Chicago Mayor Proclaims January 27th Saint Sava Academy Day
The Honorable Rahm Emanuel, Mayor of Chicago, has officially proclaimed January 27th, the feast day of the revered Serbian patron saint of education and culture, as Saint Sava Academy Day in Chicago in recognition of the school’s work and for its contributions to the community.
The Mayor’s proclamation also noted that Saint Sava Academy is “the only full-time elementary school in Chicago offering dual language education in both Serbian and Russian languages,” “offers a safe community where students are able to express their culture and religious beliefs,” and “sustains an Orthodox faith-based education that provides students a strong spiritual compass both inside and outside the classroom.”
Leaders of Holy Resurrection Cathedral and Saint Sava Academy warmly welcomed the Mayor’s proclamation.
“The Mayor’s proclamation of St. Sava Academy Day is a very important and deserved recognition for our school, and an honor for our whole community, and I would like to thank our Academy Administration and Board of Trustees for their work which lead to this decision,” said the Very Reverend Protopresbyter Darko Spasojevic, Cathedral Dean.
Marko Bojovic, Academy Principal, added: “I am truly grateful to Mayor Emanuel for proclaiming January 27th as ‘St. Sava Academy Day’ in this wonderful City of Chicago. I also thank our Cathedral clergy, Academy Board of Trustees, faculty and staff for working as one unified team in achieving the mission of St. Sava Academy and for meeting the needs of our students. Our students have yet another reason to be proud of their school.”
Reverend Dr. Vasilije Vranic, priest in charge of the Cathedral’s educational programs, noted the historical significance of the proclamation.
“Sts. Sebastian of Jackson, Mardarije of Libertyville, and Nikolaj of Zicha organized the parishes of the Serbian Orthodox Church as ‘church-school congregations.’ Looking at the example of St. Sava, the first archbishop of Serbia, they recognized the indispensable role that Orthodox-based education, rooted in our culture and traditions, ought to have in the life of our communities on this continent. This proclamation confirms and attests that indeed our efforts in perpetuating the legacy of our great spiritual ancestors through our parochial school and other educational programs are bearing a noteworthy fruit. We are grateful to Mayor Emmanuel for his support,” Fr. Vasilije Vranic said.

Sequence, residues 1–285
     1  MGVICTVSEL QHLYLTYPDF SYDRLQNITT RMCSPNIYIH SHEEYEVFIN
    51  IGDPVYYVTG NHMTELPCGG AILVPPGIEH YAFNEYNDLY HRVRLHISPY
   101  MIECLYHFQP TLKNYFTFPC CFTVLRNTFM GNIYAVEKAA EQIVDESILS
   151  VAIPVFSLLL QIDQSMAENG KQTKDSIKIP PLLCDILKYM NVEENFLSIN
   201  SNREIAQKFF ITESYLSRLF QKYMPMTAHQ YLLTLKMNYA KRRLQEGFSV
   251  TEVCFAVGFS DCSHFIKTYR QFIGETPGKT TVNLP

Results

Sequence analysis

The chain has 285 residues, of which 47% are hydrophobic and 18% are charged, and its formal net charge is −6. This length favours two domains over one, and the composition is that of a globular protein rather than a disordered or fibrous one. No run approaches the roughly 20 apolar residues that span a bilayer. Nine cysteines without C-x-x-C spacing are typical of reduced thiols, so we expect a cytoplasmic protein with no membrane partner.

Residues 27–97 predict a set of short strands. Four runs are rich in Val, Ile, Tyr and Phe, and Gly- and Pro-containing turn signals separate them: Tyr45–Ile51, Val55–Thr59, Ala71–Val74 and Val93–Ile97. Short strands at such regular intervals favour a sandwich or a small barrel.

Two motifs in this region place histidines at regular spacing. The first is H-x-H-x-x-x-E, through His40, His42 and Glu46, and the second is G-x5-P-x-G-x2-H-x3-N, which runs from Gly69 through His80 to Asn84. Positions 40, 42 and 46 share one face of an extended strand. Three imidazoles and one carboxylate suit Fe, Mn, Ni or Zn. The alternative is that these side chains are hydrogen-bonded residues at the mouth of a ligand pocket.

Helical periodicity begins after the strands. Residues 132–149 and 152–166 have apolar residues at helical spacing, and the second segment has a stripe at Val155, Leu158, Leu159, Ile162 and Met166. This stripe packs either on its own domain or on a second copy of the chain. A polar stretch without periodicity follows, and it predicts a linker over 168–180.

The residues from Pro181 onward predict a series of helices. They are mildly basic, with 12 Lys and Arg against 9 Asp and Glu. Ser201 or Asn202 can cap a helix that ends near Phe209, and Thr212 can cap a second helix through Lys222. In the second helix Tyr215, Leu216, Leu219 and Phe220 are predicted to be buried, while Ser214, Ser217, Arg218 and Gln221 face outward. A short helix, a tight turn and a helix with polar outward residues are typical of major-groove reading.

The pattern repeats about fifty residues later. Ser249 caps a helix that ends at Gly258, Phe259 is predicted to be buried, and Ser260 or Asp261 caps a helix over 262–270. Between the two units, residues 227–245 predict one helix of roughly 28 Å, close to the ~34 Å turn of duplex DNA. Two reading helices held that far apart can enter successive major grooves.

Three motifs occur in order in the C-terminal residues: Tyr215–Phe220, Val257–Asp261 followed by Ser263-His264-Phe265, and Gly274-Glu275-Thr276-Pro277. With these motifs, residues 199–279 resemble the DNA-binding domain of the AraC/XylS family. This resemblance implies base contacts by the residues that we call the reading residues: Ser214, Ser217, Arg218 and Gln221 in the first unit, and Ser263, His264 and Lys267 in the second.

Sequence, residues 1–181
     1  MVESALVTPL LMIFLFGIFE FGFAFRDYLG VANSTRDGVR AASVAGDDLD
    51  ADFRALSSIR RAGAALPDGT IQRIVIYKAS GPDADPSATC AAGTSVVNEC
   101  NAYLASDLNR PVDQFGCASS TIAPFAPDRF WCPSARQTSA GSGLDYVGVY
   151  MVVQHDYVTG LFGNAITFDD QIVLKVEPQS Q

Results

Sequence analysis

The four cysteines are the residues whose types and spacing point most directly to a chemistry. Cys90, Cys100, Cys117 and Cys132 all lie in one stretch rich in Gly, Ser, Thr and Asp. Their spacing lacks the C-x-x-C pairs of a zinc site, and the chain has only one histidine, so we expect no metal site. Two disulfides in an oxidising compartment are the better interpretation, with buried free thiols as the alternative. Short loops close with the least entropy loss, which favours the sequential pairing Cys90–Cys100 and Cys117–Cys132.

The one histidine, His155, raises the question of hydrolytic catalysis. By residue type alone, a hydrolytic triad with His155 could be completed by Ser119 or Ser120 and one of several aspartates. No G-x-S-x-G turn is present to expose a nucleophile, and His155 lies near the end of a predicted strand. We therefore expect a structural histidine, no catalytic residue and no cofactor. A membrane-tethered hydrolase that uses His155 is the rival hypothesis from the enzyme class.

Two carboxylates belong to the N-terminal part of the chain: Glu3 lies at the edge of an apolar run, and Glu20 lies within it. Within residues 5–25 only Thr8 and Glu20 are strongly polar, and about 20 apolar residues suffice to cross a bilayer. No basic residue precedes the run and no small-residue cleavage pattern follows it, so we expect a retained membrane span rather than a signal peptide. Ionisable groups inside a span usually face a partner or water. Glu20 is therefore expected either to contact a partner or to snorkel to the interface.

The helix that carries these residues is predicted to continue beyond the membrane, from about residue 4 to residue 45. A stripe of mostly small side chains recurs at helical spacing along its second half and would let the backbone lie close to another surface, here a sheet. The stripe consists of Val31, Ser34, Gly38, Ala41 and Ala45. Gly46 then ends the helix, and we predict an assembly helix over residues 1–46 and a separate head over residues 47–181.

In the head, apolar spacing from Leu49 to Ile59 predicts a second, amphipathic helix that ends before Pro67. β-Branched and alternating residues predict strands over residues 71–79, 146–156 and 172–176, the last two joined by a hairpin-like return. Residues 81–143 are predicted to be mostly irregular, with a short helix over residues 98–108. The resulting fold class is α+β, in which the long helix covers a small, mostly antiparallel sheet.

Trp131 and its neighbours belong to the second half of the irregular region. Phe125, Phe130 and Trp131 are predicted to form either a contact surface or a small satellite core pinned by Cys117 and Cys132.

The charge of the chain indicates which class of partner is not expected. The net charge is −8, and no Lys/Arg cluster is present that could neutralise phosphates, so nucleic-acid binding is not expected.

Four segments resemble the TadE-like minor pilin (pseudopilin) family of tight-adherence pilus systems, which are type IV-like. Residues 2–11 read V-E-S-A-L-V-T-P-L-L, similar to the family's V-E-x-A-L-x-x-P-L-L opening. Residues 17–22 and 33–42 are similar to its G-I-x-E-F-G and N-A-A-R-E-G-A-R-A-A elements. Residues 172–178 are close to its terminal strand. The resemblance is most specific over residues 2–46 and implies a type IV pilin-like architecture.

Founded in 2001, St. Sava Academy is the dual language parochial school at Holy Resurrection Serbian Orthodox Cathedral offering a dynamic PreK-8 education.
SAINT SAVA (Serbian: Свети Сава/Sveti Sava, 1174 – 14 January 1236), known as the Illuminator, was a Serbian prince and Orthodox monk, the first Archbishop of the autocephalous Serbian Church, the founder of Serbian law, and a diplomat. Sava, born Rastko, was the youngest son of Serbian Grand Prince Stefan Nemanja (founder of the Nemanjić dynasty), and ruled the appanage of Hum briefly in 1190–92. He then left for Mount Athos where he became a monk, with the name Sava (Sabbas). At Athos, he established the monastery of Hilandar, which became one of the most important cultural and religious centres of the Serbian people. In 1219 he was recognized as the first Serbian Archbishop by the Patriarchate, and in the same year he authored the oldest known constitution of Serbia, Zakonopravilo, thus securing full independence; both religious and political. Sava is regarded the founder of Serbian medieval literature.
He is widely considered as one of the most important figures of Serbian history. Saint Sava is canonized and venerated by the Serbian Orthodox Church, as its founder, on January 27 [O.S. January 14]. His life has been interpreted in many artistic works from the Middle Ages to modern times. He is the patron saint of Serbia, Serbs, and Serbian education. The Church of Saint Sava in Belgrade is dedicated to him, built where the Ottomans burnt his remains in 1594 during an uprising in which the Serbs used icons of Sava as their war flags; the church is one of the largest church buildings in the world.
Saint Sava is the protector of the Serb people: he is venerated as a protector of churches, families, schools and artisans. His feast day is also venerated by Greeks, Bulgarians, Romanians and Russians. Numerous toponyms and other testimonies, preserved to this day, convincingly speak of the prevalence of the cult of St. Sava. St. Sava is regarded the father of Serbian education and literature; he authored the Life of St. Simeon (Stefan Nemanja, his father), the first Serbian hagiography. He has been given various honorific titles, such as „Father“ and „Enlightener“.